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7 Most Shocking Things in the CIA Torture Report

 

It’s even worse than we thought.

Photo Credit: Fibonacci Blue

The Senate Intelligence Committee’s $50 million investigation into Bush-era CIA interrogation tactics on detainees after the September 11 terrorist attacks was released today.

The report, which was long-delayed, finds that “enhanced interrogation techniques” by the U.S. government did not lead to “actionable intelligence,” according to Sen. Angus King, a member of the committee.

However, this is not the final report, but a redacted 480-page executive summary. The complete report totals more than 6,000 pages. The Senate Republicans also released a counter-assessment. While some critics say that there is the possibility of retaliation from terrorist groups, others are saying that the fallout over the report will be mostly political.

“Did we torture people? Yes. Did it work? No.,” Sen. King, the Maine independent told CNN.

“The greatness of this country is that we can examine mistakes and remedy them and that is the hallmark of a great and just society” Sen. Diane Feinstein, chair of the Senate Intelligence Committee, said to CNN moments before the report’s release. Here are the most shocking findings from the report:

1. Some detainees died as a result of interrogation. 

In November 2002, an otherwise healthy detainee who had been held partially nude and chained to a concrete floor died from suspected hypothermia at the facility. The CIA’s leadership acknowledged little knowledge of advanced interrogation techniques at the detention site where he was held.

2. The techniques were far more brutal than previously known. 

Multiple CIA detainees subjected to the techniques suffered from hallucinations, paranoia, insomnia and tried to mutilate themselves, the report says. On one occasion, a high-value al Qaeda suspect named Abu Zubaydah became completely unresponsive after a period of intense waterboarding. He had “bubbles rising through his open full mouth,” the report says.

Additionally, detainees were subjected to forced “rectal feeding” or “rectal hydration” even if they did not have medical need for them.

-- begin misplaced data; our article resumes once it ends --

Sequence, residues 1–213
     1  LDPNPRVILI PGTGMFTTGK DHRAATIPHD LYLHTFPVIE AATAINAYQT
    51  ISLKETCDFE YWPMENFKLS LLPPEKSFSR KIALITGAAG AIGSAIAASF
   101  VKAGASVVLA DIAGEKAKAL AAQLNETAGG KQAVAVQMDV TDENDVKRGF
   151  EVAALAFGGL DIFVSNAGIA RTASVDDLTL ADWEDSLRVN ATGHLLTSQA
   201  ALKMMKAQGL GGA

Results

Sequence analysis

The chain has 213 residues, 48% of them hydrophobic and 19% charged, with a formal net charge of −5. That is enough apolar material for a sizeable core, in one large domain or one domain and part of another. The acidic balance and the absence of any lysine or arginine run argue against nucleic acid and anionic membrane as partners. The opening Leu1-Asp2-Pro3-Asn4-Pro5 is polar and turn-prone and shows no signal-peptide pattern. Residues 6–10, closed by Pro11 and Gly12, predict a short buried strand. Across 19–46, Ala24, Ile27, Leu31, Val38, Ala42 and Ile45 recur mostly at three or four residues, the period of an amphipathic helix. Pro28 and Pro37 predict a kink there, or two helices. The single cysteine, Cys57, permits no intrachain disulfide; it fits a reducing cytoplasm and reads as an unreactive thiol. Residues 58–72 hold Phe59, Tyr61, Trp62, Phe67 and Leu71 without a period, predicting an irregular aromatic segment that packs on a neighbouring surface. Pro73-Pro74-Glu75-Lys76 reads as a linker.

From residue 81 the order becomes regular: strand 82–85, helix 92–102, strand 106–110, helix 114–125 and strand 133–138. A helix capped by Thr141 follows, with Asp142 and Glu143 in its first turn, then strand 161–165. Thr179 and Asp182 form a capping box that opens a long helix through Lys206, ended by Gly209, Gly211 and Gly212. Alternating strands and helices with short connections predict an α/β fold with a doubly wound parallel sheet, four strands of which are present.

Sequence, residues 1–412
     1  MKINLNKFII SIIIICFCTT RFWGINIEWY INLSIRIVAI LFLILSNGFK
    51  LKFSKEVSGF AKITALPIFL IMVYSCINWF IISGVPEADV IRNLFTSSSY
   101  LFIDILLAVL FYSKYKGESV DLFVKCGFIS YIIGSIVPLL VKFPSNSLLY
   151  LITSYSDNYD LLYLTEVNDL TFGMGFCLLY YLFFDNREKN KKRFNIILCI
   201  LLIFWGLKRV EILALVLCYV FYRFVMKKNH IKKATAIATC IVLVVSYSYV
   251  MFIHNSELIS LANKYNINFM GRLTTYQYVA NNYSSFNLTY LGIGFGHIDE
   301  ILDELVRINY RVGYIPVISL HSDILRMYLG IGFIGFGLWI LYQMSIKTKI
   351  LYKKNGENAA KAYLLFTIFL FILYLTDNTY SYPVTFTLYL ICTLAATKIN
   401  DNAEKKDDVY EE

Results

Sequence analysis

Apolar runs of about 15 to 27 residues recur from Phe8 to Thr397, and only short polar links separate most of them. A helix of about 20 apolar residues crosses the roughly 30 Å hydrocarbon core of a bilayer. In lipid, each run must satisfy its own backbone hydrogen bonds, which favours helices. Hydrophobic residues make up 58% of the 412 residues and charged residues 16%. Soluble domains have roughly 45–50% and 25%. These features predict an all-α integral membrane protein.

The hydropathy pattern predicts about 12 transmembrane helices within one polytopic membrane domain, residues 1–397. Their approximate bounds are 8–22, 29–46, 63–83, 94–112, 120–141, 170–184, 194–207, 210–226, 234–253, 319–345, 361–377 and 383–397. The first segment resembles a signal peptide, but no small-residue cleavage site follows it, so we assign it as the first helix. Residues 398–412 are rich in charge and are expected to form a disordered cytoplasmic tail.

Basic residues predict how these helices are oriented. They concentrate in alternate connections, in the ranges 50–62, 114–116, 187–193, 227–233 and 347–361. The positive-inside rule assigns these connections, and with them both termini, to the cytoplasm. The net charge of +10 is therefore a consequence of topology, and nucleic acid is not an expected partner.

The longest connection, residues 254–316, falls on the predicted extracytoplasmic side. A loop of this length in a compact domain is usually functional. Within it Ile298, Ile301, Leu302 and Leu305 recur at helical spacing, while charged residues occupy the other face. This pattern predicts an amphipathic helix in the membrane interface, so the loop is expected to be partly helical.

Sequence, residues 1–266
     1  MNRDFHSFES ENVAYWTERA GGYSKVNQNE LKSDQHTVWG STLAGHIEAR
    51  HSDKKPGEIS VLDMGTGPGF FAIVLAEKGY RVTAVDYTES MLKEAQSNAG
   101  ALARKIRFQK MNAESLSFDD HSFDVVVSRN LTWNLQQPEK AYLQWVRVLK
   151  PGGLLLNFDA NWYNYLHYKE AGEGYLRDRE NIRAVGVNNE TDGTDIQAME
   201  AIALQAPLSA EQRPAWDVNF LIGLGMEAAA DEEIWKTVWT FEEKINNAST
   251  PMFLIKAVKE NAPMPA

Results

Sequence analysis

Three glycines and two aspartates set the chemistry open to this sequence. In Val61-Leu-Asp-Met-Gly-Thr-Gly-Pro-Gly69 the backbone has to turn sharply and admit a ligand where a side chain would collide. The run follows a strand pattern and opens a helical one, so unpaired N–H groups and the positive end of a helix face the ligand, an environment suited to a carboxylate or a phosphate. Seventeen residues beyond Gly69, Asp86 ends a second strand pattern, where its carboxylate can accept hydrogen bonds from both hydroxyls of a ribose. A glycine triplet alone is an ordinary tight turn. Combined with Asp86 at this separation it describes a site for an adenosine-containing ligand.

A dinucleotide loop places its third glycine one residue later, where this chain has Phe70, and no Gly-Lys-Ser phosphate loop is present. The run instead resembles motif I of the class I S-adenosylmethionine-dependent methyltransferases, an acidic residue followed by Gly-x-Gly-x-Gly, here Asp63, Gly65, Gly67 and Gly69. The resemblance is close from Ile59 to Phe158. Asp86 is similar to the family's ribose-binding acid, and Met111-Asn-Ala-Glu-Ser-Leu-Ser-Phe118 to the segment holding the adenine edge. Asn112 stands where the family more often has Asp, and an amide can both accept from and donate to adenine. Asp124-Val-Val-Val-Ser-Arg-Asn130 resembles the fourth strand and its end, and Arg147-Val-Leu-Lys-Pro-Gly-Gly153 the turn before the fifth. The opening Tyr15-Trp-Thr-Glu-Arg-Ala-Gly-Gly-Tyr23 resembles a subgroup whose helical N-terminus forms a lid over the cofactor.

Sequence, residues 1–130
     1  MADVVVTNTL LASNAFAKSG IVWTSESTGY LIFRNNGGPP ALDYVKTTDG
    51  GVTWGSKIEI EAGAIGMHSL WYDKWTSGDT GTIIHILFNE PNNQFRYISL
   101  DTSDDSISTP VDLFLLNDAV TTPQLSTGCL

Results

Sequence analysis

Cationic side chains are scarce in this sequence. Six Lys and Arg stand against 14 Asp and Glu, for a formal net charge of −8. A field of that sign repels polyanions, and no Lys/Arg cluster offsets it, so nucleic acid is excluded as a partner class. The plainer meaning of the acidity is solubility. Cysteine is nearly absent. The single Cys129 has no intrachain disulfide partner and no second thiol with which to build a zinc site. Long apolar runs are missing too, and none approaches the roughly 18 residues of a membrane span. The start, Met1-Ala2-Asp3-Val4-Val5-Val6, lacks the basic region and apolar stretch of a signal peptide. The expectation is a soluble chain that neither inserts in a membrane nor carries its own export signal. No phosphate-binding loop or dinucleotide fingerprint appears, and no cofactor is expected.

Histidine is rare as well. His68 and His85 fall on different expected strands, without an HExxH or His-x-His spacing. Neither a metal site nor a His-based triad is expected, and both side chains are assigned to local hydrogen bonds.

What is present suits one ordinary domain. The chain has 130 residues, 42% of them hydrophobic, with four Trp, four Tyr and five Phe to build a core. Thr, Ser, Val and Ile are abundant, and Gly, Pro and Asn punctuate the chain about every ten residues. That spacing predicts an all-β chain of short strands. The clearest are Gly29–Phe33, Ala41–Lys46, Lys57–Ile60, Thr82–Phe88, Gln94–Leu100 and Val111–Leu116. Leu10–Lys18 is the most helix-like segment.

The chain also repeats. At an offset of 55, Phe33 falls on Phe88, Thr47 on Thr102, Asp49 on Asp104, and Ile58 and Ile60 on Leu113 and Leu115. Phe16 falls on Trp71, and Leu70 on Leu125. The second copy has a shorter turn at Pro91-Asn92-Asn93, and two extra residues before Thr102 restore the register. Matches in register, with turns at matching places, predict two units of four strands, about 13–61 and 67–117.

3. Other techniques used in addition to waterboarding. 

These interrogation practices included extended exposure to cold temperatures, slapping and sleep deprivation. Waterboarding was especially harsh. “In many cases, the most aggressive techniques were used immediately, in combination and non-stop,” the report says. “Sleep deprivation involved keeping detainees awake for up to 180 hours, usually standing or in painful stress positions, at times with their hands shackled above their heads.”

4. The CIA’s use of its enhanced interrogation techniques was not an effective means of acquiring intelligence or gaining cooperation from detainees. 

The Committee found that the use of the CIA’s enhanced interrogation techniques was not an effective means of obtaining accurate information.

For example, seven of the 39 CIA detainees known to have been subjected to the CIA’s enhanced interrogation techniques produced no intelligence while in CIA custody. Other detainees provided significant, accurate intelligence prior to, or without having been, subjected to these torture.

5. The CIA lied about effectiveness. 

The CIA lied to the White House and Congress that its enhanced interrogation techniques thwarted specific terrorist plots and falsely claimed terrorists were captured as a result of the use of the techniques. The CIA used these examples to claim that its methods were not only effective, but also necessary to acquire “otherwise unavailable” actionable intelligence that “saved lives.”

6. Inexperienced contract pscyhologists devised the techniques.

The report shows that contract psychologists devised the CIA’s enhanced interrogation techniques and played a central role in the operation, assessments, and management of the detention and interrogation program.

The psychologists’ prior experience was at the U.S. Air Force Survival, Evasion, Resistance and Escape school. Neither had any experience as an interrogator. They did not have specialized knowledge of al-Qa’ida, a background in counterterrorism, or any relevant cultural or linguistic expertise.

Accordng to the report, “By 2005, the CIA had overwhelmingly outsourced operations related to the program.”

7. Those who were not suspects were interrogated.

Of the 119 known detainees, at least 26 were wrongfully held and did not meet the detention standard. These included an “intellectually challenged” man whose CIA detention was used solely as leverage to get a family member to provide information, two individuals who were intelligence sources for foreign liaison services and were former CIA sources, and two individuals whom the CIA assessed to be connected to al-Qa’ida based solely on information fabricated by a CIA detainee subjected to the CIA’s enhanced interrogation techniques. These detainees, however, often remained in custody for months after the CIA determined that they did not meet the MON standard. CIA records provide insufficient information to justify the detention of many other detainees.

U.S. armed forces are currently on a heightened state of alert overseas because of a concern of violent backlashes at key areas on foreign soil such as military bases and embassies. The U.S. embassy in Cairo, a site of particular concern, has not commented on its security concerns to the media.

http://www.alternet.org/news-amp-politics/7-things-we-learned-new-report-cia-torture?

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